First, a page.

Edible oil prices: failure of domestic policies?
The August 2021 CPI core inflation, though in the tolerant zone, is more than the target of 4%. It is due to rising edible oil price, rather than petroleum crude price. The failure of poor domestic policies to augment domestic production of edible oil seeds is yet another reminder to policy makers on the need for a strategy. There is lack of incentives towards increased acreage and yield per hectare; and further “policy goofs up” including wrong timing of imports when there is already surplus domestic production. They do not like fall in prices. In his article in the hindu Business Line article, Radheshyam Jadav wrote in early September 2021 that the policy failures have resulted in the oil seeds production, “falling way short of needs in domestic demand for edible oil”. The result is as we note, a big volume of edible oils, dominated by palm oil, has to be imported every year.
A suggestion for revision of weights in CPI
A review of CPI headline inflation shows that although it has remained at a high level in 2020-21, CPI core inflation has been low in better times with favorable arrivals of fruits, vegetables and fruits as well as when fuel and energy, are also equally low and favourable. When food inflation is high, that is when consumer food price index (CFPI) is high , it is mainly attributed to scarcity of vegetables in the initial months and to pulses and edible oils in the latter part of the year. Two economists, A. Sirija and S. Bajaj rightly observed in their article in The Hindu Business Line a tighter monetary policy would be appropriate only when there is excess aggregate demand. But when CFPI inflation is high due to supply factors, a restrictive monetary policy would only hurt growth. A rise in repo is called for only when core inflation is seen above 6 per cent for three consecutive quarters. The two authors, who are officials in the Department of Economic Affairs, Ministry of Finance note that Economic Survey 2019-20 ruled out the possibility of strong secondary effects from food inflation to core components.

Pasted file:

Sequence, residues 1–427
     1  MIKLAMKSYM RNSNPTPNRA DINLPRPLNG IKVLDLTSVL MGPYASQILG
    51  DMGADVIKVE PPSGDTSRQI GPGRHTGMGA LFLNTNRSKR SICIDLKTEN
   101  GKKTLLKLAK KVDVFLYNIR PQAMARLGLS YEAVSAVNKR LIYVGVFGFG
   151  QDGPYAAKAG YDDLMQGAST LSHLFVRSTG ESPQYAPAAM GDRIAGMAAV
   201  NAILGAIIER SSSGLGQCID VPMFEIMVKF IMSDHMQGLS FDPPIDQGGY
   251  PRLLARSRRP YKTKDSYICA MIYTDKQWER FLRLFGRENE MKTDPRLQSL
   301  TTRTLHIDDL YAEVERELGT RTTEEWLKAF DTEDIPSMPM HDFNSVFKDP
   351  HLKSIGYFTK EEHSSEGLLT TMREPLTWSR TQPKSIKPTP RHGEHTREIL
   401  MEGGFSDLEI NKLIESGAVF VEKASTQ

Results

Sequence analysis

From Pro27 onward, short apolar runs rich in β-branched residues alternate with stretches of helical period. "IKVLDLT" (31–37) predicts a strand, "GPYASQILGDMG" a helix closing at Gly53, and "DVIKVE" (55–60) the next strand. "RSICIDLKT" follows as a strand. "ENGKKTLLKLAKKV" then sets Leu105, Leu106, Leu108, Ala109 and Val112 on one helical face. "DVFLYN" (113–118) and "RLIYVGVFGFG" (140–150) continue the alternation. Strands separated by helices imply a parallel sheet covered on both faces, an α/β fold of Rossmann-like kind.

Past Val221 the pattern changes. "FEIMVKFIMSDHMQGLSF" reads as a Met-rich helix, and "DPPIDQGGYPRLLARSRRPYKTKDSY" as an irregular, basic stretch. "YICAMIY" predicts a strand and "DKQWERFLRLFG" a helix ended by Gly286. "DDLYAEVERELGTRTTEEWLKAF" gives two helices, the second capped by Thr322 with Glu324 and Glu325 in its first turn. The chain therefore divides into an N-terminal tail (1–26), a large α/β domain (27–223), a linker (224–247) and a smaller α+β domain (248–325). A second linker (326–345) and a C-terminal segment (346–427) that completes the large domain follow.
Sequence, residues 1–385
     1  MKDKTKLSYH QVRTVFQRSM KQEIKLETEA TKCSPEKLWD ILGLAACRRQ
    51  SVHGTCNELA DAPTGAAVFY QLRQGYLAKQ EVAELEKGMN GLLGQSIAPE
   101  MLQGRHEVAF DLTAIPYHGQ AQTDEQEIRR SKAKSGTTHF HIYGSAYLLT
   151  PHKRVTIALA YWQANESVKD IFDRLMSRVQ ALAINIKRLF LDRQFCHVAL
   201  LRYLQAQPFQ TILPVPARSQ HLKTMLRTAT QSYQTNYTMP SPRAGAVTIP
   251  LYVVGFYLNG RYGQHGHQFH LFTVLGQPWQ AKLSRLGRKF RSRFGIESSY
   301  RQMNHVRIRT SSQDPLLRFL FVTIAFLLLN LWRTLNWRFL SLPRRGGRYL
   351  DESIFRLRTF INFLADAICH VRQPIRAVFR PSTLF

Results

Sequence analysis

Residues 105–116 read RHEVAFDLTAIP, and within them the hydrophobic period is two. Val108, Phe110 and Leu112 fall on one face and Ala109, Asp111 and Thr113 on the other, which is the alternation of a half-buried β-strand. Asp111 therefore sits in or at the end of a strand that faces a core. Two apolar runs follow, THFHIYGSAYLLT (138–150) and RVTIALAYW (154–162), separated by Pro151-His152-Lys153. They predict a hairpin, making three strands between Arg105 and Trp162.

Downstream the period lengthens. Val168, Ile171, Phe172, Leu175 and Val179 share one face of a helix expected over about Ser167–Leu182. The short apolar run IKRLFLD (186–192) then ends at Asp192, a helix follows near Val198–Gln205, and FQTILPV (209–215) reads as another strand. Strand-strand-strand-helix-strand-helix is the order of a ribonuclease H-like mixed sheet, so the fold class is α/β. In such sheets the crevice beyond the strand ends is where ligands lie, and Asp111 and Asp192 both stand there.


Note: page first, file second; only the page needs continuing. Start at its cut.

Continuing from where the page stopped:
It is widely expected that October 6-8 MPC meeting would continue maintaining the accommodative stance for a while and wait for new CPI data in mid October. A suggestion made by Srija and Bajaj in their contribution deserves consideration. Tables 2 and 3 present weights assigned to commodities for WPI and CPI (base year 2011-12). These weights were assigned ten years ago. The weights for CPI need a re-look, as food habits have changed; and further lifestyle of the population has also undergone radical transformation. A rising middle class buys far more manufactured goods, with increased use of internet shopping in the context of Covid-19, the suggestion from two government economists that increase in the household consumption of manufactured goods needs to be reflected in the CPI and their weights to be increased, thereby enabling “RBI to better target the non-volatile segment (core inflation)” .